Mark Zuckerberg, the C.E.O. of Meta, spent about six minutes talking about A.I. in his intro on Wednesday, Bloomberg reported, and just 90 seconds on the metaverse, the immersive world the company is building that’s slow to take off. (Mr. Zuckerberg emphasized that the group was not pulling back from the metaverse.)
A.I. will “impact every single one of our apps and services,” he told analysts, adding that it was already “improving monetization.” Instagram is one example. “Since we launched Reels, A.I. recommendations have driven a more than 24 percent increase in time spent on Instagram,” he said, referring to the short-video clip feature that’s a big growth engine for the company and an attempt to reclaim market share from TikTok.
Another promising metric: In March, three billion average daily users logged into Facebook, Instagram and WhatsApp, the company said, helping reverse a slide in sales in the previous three quarters.
One thing to watch: costs. Both Microsoft and Alphabet said they were holding the line on expenses, but advancing A.I. requires a lot of investment. Meta said it was staffing up its generative A.I. team this year, and would spend more the technology, while Ruth Porat, Alphabet’s C.F.O., warned that R.&D. costs would be “modestly higher.”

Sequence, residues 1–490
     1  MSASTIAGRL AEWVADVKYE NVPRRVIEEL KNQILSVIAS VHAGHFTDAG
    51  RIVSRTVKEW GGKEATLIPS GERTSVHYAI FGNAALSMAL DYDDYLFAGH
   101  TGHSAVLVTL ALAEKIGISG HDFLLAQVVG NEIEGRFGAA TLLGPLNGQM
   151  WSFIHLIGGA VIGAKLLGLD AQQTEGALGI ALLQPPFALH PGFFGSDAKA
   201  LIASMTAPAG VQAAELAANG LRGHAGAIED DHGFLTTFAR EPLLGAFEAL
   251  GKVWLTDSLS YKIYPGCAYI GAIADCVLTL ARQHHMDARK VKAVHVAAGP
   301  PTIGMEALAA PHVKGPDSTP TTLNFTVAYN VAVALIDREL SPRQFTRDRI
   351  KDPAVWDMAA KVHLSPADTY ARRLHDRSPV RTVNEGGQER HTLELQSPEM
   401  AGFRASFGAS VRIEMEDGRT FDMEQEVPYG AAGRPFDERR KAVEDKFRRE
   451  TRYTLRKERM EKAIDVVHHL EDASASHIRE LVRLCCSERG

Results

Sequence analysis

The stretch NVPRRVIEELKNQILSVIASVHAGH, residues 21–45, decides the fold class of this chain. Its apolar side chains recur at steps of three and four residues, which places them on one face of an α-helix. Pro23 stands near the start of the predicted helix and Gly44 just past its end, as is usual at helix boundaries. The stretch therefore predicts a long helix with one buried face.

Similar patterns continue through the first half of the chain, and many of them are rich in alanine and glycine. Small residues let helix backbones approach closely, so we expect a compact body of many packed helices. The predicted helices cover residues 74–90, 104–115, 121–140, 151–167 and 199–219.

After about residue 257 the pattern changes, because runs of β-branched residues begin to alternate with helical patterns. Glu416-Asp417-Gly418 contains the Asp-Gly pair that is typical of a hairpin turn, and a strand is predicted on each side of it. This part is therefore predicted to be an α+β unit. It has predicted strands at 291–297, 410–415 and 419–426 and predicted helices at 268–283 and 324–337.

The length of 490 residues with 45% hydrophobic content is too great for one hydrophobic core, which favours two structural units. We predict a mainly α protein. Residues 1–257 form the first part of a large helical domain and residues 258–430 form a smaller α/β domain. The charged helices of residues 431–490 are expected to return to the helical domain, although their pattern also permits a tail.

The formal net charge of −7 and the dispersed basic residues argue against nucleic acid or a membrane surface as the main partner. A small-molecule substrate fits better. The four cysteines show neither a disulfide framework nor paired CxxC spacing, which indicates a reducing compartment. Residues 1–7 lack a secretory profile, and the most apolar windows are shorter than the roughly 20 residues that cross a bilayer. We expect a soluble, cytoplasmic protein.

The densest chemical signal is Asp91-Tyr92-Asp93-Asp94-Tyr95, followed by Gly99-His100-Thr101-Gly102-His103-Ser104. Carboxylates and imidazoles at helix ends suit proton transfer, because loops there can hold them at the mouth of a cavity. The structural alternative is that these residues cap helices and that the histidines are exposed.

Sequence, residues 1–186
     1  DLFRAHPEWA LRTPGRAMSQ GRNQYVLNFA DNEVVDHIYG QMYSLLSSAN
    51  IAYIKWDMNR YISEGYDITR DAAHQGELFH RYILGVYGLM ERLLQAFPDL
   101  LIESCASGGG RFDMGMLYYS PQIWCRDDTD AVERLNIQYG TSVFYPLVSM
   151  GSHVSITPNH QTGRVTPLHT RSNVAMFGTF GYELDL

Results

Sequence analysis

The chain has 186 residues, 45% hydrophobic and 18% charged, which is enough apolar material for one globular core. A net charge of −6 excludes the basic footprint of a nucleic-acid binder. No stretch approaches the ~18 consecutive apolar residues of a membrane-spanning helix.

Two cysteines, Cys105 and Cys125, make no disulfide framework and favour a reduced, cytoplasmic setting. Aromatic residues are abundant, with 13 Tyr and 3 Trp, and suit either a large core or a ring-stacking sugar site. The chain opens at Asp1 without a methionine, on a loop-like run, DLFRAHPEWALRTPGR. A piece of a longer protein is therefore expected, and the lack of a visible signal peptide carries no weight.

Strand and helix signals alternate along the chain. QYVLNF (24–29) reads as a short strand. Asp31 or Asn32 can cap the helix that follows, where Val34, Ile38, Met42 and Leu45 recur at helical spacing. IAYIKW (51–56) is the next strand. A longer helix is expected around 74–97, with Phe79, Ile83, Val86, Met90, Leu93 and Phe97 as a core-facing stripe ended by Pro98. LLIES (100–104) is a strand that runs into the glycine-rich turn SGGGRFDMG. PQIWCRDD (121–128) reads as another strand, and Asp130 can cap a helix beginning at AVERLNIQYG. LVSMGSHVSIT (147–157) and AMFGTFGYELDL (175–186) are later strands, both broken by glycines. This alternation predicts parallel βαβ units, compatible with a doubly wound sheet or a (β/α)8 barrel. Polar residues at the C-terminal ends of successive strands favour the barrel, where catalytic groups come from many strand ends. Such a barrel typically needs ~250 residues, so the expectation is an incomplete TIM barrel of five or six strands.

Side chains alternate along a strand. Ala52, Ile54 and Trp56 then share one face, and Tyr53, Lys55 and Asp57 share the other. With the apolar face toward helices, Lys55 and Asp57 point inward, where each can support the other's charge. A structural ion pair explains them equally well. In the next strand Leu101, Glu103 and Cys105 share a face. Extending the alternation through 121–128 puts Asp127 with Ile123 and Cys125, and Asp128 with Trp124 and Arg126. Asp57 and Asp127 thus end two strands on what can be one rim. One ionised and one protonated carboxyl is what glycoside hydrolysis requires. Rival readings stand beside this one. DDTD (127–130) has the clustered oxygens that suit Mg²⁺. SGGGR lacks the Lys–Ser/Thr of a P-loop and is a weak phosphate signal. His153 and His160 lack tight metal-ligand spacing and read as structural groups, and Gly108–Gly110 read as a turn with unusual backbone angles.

Disney v. DeSantis goes to court
The fight between Disney and Gov. Ron DeSantis entered a combative new round on Wednesday, after the media giant sued Florida’s governor and the board that oversees government services at its resort in the state. The company accused him of waging a “targeted campaign of government retaliation,” and filed a First Amendment lawsuit. The bigger question: Will the battle damage Mr. DeSantis’s potential presidential hopes?
Disney accused Mr. DeSantis of weaponizing government power in retaliation for the company criticizing what opponents call the “Don’t Say Gay” law, a state measure that barred discussion of sexual orientation and gender identity in some schools. “In America, the government cannot punish you for speaking your mind,” the complaint said.
Taryn Fenske, a spokeswoman for Mr. DeSantis, dismissed the lawsuit as an attempt “to undermine the will of the Florida voters.”
Mr. DeSantis sees political mileage in taking on Disney. The company is one of the state’s biggest employers and said it had earmarked $17 billion to expand over the next decade. But he has hammered it over its stance on social issues to shore up his backing among conservatives in his home state.
Potential rivals for the Republican nomination see an opening:
Former President Donald Trump called the Disney fight a “political stunt.”